veterinary myth busters

Four BIG Reasons why you need to spay your female dog

Whoohoo! We’ve made it to the fourth and final installment of the #VeterinaryMythBusters mini-series.

If you’ve been with me since the first post, thanks for following along! But, if you’re new here, I encourage you to check out posts one, two, and three of this blog series before moving on to this conclusion.

Today, we will be debunking the myth that spaying a female dog will make her more likely to get sick. In fact, the opposite is quite true. Spaying of female dogs can prevent serious and life-threatening health conditions for her. It also helps keep down the pet population and may help her have more birthdays to celebrate.

Here are four BIG reasons why you need to spay your dog:

Spaying and neutering dogs has been associated with longer lifespans

Most animal lovers agree- the greatest issue with owning pets is that they are never able to be with us long enough. We all want more time with our pets, don’t we? A study by the University of Georgia published in 2013 found a strong correlation between sterilization (spaying and neutering) of dogs and longer lifespans. Dogs that were sterilized were less likely to die from trauma and infectious disease.

Female dogs have a reduced rate of mammary cancer if they are spayed before their second heat cycle

Mammary cancer is the most common type of cancer in female dogs, and is virtually eliminated if the dog is spayed before her first heat cycle. One in four (25%) of un-spayed female dogs will develop mammary cancer in their life, of which 50-60% will have metastatic cancer that could potentially spread to other organs and be fatal. Only one in 2,000 (0.05%) dogs that were spayed before their first heat cycle will develop mammary cancer. There is also a significantly decreased risk (1 in about 12, or 8%) if the female is spayed before her second heat cycle. But, after the third heat cycle this health benefit diminishes.

Pyometra is a deadly infection

One of the most common emergencies that I see in practice is a condition called pyometra. The term “pyometra” means “puss-filled-uterus,” and is about as pleasant as it sounds. Dog with pyometra are often very sick and may have vomiting, diarrhea, decreased appetite, listlessness, increased urination and thirst, and vaginal discharge. However, some dogs with pyometra may have very mild symptoms and still have a raging infection inside their body. The statistical risk of pyometra has not been significantly studied in the USA, but is believed to be 15% at 4 years of age, and 24% at ten years of age for un-spayed females. If your dog gets a pyometra, they will require costly and emergent life-saving surgery to remove the infected organ before it can burst or before your pet goes septic.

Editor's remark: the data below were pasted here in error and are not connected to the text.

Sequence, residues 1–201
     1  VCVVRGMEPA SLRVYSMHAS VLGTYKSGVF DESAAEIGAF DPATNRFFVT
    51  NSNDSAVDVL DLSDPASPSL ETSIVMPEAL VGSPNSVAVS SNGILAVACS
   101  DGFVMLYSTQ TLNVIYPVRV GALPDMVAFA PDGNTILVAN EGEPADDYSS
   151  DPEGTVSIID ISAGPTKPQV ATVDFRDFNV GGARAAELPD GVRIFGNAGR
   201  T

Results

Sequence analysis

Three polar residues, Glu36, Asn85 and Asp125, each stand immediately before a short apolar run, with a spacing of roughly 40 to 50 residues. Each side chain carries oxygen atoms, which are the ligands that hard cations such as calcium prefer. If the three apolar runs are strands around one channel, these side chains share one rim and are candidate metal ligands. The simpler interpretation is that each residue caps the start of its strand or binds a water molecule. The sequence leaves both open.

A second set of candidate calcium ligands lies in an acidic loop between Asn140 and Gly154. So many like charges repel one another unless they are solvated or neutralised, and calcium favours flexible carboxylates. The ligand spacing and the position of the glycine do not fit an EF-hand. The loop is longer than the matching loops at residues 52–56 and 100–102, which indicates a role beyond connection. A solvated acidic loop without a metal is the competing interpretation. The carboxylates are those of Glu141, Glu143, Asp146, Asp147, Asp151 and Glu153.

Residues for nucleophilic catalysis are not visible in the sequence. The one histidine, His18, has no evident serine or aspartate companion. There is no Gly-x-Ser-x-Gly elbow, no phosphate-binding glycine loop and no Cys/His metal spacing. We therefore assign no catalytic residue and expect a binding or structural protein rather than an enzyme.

Spaying your dog helps reduce the risk of unwanted pregnancies 

This one is a no-brainer, and it has been the big reason why spaying and neutering is (thankfully) so widely accepted in the USA compared to other countries. 5 to 8 million animals are euthanized each year in shelters in the US. I realize that most pet parents won’t let their female dogs run loose or have access to an adult male, but accidents happen! I’ve seen my fair share of “oops” pregnancies in dogs and cats alike, and it has proven to me that “life always finds a way.” If you’re not thinking about breeding your dog (and I would strongly urge you to consider the ethical points of breeding animals in an overpopulated society before doing so), please spay her so that one day we won’t live in a world where shelter euthanasia is the leading cause of death in companion animals.

Before we close, I’d be remiss if I didn’t admit that there are some negatives to spaying your dog. However, the benefits greatly outweigh the risks. The chart belowSpay risks and benefits, taken from this article, shows the benefits and negatives of a spay (ovariohysterectomy) in female dogs. From that, we can see that we prevent more clinically and statistically significant problems if we spay female dogs.

Still have questions? I encourage you to discuss this article with your pet’s veterinarian to determine which course of action is best for her. Resources and additional references can be found below. Thanks for reading, I hope you enjoyed this last installment of the Veterinary Myth Busters mini-series!

Question for readers: Has your pet had a health crisis that could have been prevented by a spay?

Resources and References

Click to access javma_231_11_1665.pdf
Photo by Dhyamis Kleber from Pexels


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